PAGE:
Cheney visits Ukraine amid crisis

US vice-president in Kiev as coalition collapses over curbs on president’s power.

Yushchenko's supporters have withdrawn from the governing coalition [AFP]
Yushchenko's supporters have withdrawn from the governing coalition [AFP]

Ukraine, like Georgia, has applied to join Nato, angering Moscow which sees the country as part of its sphere of influence. Ukraine also hopes to join the European Union.

Possible flashpoint

European officials have suggested that Ukraine, which is divided between those who support the pro-Western president and those who back Tymoshenko and favour closer ties with Russia, could be the next flashpoint for tensions between Russia and the West.

Earlier in the week, Tymoshenko blocked a motion that condemned Russia’s actions in South Ossetia and Abkhazia, Georgia’s breakaway regions.

Cheney flew to Kiev from Georgia, where he had denounced Russia’s recognition of the two separatist provinces as independent, calling the move by Moscow “illegitimate” and a “unilateral attempt” to redraw Georgia’s borders by force.

Alexander Pikaev, an analyst from the Carnegie Moscow Centre, said the Kremlin would be closely monitoring Cheney’s trip and warned it could prompt more violence.

“The Kremlin is certainly concerned that his visit to Georgia could provide him with a false feeling of American support to the [Mikheil] Saakeshvili [the Georgian president] regime and might provoke him to a new attack against separatist entities which Russia has recently recognised as independent states and [is] obliged to protect them.”

Political tensions

Ukraine’s political problems have intensified in recent days.

In a live national broadcast the president accused Tymoshenko of “a political and constitutional coup” after her party backed the opposition over a law curbing presidential powers and boosting those of the prime minister.

Yushchenko’s supporters then withdrew from the governing coalition and the president threatened to call a snap election.

Tymoshenko, once a close ally of Yushchenko, in turn accused the president of having “destroyed” the governing coalition by pulling out of the ruling alliance with her party after the approval of the legislation.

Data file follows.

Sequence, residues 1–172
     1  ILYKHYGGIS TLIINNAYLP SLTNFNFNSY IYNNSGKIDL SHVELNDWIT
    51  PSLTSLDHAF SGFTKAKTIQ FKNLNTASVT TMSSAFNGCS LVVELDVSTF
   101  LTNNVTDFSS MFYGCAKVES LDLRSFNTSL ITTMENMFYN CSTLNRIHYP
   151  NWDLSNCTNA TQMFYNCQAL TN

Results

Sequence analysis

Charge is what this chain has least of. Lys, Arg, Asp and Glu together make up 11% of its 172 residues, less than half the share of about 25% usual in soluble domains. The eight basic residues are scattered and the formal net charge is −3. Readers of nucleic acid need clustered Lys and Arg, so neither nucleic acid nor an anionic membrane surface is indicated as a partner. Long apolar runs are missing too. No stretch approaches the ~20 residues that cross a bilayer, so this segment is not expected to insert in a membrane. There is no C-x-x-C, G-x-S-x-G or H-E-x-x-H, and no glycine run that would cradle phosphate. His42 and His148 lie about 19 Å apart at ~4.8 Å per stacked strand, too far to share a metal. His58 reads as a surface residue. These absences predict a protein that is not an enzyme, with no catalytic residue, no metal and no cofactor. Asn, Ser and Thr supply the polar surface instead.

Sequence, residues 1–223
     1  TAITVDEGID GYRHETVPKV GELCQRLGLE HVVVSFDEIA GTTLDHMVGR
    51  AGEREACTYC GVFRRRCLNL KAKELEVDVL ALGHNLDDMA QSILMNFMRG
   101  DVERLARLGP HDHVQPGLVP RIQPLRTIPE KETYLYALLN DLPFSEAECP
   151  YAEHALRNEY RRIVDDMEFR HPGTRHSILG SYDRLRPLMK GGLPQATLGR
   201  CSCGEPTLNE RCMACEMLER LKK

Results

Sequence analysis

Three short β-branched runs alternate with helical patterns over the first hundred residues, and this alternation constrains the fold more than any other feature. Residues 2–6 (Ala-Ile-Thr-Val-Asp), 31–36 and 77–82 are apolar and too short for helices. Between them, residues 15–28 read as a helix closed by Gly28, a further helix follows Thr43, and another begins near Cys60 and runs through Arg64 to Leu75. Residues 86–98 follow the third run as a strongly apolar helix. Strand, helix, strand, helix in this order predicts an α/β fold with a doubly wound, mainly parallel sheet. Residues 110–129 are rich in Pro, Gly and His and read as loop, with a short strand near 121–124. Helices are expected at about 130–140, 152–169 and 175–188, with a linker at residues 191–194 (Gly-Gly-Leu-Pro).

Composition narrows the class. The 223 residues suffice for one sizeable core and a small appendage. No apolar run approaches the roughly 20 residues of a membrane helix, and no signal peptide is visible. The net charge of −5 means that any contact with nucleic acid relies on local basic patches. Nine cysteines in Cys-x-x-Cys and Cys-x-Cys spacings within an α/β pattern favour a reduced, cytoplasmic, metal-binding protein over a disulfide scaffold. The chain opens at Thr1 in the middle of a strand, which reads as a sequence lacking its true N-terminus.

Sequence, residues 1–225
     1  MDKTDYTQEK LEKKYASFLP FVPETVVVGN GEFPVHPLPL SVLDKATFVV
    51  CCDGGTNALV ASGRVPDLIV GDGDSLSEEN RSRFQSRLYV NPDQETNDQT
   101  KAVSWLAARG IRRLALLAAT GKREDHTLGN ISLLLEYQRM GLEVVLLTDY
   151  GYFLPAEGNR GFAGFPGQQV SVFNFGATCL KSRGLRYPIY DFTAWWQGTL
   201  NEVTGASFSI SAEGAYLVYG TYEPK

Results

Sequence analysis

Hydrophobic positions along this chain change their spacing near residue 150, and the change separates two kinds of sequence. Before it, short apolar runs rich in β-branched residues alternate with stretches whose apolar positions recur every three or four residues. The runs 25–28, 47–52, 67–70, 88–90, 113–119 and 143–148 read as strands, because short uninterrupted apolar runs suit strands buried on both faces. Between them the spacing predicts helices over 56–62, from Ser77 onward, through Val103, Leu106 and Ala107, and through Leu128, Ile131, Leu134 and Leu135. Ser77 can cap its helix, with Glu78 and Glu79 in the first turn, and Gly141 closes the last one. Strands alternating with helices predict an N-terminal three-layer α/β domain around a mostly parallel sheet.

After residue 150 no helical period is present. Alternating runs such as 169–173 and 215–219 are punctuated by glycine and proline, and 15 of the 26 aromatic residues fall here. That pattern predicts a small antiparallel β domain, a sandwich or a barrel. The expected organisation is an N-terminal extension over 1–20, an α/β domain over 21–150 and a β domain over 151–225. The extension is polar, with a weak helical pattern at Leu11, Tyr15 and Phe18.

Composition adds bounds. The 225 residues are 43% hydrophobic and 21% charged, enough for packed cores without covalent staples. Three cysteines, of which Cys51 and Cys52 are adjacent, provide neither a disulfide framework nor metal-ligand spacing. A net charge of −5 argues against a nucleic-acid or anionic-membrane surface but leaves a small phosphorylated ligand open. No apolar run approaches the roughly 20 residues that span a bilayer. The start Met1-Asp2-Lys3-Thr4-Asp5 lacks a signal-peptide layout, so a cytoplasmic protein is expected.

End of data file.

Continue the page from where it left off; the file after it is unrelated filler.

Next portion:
Cheney is expected to express support for the embattled Yushchenko and the country’s efforts to join the Nato military alliance.

Valery Chaly, an analyst at the Razumkov Centre for political and economic research in Kiev, said: “Cheney will try to push Ukraine towards preserving the pro-Western coalition.”

But he said the crisis would “strengthen the argument” of sceptics opposed to Ukraine joining Nato and the EU.

Russian influence

A pro-Russian member of parliament called for Vladimir Ogryzkov, Ukraine’s foreign minister, to be sacked for allowing a US warship to visit Ukraine’s Sevastopol naval base.

Russia’s navy uses Sevastopol under a lease due to expire in 2017 [AFP]

Although located on Ukrainian territory, the port is inhabited by both Russia’s Black Sea fleet and Ukraine’s navy.

Tymoshenko abstained from a vote last month aimed at imposing restrictions on the movements of Russia’s navy in Sevastopol while Moscow was involved in military action against Georgia.

Tymoshenko and Yushchenko were the icons of the 2004 pro-Western Orange Revolution and have each been considered Western-leaning politicians despite persistent and sharp disagreements on domestic political issues.

But Yushchenko’s supporters have more recently suggested Tymoshenko is doing the Kremlin’s bidding – a charge she firmly denies.

Source: News Agencies


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